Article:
AVRStudio4 gdb-target plugin (for simavr)

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This is a plugin for gdb-targets for AVRStudio4. It works as follows:
- AVRStudio4: open project (eg an ATTiny25 project)
- AVRStudio4: Debug / Select Platform and Device : myCompany.myPlugin / ATTiny25
- simavr: ./run_avr -g -m attiny25 -f 8000000
- AVRStudio4: compile/assemble the project
- AVRStudio4: run the project
- AVRStudio4: enter ip and port of the gdb-server (eg localhost:1234)
- AVRStudio4: debug the project...

AVRStudio4 will connect to the simavr-gdb-server via this gdb-target-plugin.

Following commands work:
- run
- break
- stop
- reset
- set/remove breakpoint
- single step (everything else is mapped to single step)

You need to download the bin-package and execute the AVRSTUDIO_REGISTER.CMD to register the plugin with AVRStudio4. Before deleting the files, you should UNREGISTER.CMD the files.

It comes with the sources.
Thread about simavr is here:
http://www.avrfreaks.net/index.p...
simavr git repo is here:
http://gitorious.org/simavr

Project is here:
http://www.avrfreaks.net/index.p...

2010.10.20: initial release v1

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@PRosendahl

Allthough i don't use gdb on windows (only on linux) , i would like to thank you for publishing your work here.

/Bingo

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Actually, I am doing exactly that.

simavr runs on my Ubuntu host, while AVRStudio4 runs on a windows virtual machine.

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I'm getting ready to install a distro to my 2nd computer
but I would like recommendations:

1) Debian or Ubuntu ?
2) I guess GDB is ( alot ? ) more powerful than the dragon ?
3) Can I use the Dragon to work with GDB instead of buying AVR jtag ICE for this plugin ?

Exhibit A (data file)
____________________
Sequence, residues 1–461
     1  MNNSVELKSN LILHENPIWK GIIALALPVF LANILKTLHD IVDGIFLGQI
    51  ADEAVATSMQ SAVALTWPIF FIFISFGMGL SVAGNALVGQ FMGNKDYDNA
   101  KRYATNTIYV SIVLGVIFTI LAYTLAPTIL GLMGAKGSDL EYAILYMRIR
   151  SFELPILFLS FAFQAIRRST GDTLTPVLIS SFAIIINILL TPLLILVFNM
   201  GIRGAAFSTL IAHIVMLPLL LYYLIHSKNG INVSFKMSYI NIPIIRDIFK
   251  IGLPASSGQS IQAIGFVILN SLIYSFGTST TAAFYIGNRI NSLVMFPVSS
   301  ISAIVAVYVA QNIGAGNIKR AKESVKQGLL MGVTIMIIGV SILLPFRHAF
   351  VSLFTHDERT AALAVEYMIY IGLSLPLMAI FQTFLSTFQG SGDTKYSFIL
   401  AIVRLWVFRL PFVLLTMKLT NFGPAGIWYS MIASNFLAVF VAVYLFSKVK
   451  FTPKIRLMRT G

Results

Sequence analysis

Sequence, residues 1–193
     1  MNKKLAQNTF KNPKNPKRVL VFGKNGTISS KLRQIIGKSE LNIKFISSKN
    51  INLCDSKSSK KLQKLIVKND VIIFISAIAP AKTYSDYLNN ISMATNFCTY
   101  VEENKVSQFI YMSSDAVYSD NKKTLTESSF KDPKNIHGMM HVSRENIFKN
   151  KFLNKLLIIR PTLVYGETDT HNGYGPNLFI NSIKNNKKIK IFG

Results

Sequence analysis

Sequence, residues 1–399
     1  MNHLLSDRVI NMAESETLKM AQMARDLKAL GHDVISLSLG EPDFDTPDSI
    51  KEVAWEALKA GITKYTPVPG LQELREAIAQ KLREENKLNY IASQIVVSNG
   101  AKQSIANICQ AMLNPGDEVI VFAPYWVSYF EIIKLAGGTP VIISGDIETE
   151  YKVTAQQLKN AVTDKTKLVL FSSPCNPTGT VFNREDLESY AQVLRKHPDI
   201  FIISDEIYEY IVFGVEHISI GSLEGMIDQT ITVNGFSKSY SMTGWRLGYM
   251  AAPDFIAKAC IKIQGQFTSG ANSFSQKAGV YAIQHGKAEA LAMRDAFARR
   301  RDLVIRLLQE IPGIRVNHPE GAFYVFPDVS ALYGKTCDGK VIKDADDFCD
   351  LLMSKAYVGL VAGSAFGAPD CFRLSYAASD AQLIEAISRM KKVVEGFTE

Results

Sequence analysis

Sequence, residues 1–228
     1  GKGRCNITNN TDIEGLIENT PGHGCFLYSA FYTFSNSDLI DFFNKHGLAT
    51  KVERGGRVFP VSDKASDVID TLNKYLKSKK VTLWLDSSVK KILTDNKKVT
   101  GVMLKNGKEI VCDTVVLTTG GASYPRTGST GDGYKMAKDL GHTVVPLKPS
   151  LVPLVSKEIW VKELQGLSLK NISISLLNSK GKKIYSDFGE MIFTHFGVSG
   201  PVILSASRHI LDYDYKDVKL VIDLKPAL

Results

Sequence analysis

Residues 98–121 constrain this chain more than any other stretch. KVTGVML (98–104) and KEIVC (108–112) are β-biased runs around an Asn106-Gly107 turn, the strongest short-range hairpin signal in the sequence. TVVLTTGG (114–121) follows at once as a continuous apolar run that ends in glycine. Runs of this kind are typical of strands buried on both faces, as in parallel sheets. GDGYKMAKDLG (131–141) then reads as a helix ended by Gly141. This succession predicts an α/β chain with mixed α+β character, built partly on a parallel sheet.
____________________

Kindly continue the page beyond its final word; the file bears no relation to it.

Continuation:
1) Studio 4.18 build 716 (SP3)
2) WinAvr 20100110
3) PN, all on Doze XP... For Now
A) Avr Dragon ver. 1
B) Avr MKII ISP, 2009 model
C) MKII JTAGICE ver. 1

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1) Ubuntu (which is a derivative of Debian anyway)

2) You misunderstand, gdb is a piece of PC software. It does (for debugging) what AVR Studio does on Windows. You will use it WITH your Dragon. Because gdb knows nothing about driving an Atmel Dragon you run a second piece of software that connects the two called avarice. (that in itself will be using a thing called libusb to connect to the Atmel debugger hardware)

3) Yes avarice works as well with the Dragon as it does with JTAGICEmkII

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Ubuntu is more or less the bleeding edge, with lots of current stuff and packages. Works stable enough for me.

Debian is rather security-oriented. That is, they lag behind 1-2 years in packages, but they are tested well and pretty safe.

Of course, you can set the package manager to any repo you want. Above is for standard installation.

The GDB server is part of simavr, but it works with any other gdb-server I guess.

I would prefer the built-in debugger of AVRStudio over this plugin. BUT if you want debug the hackable simavr, you will need this.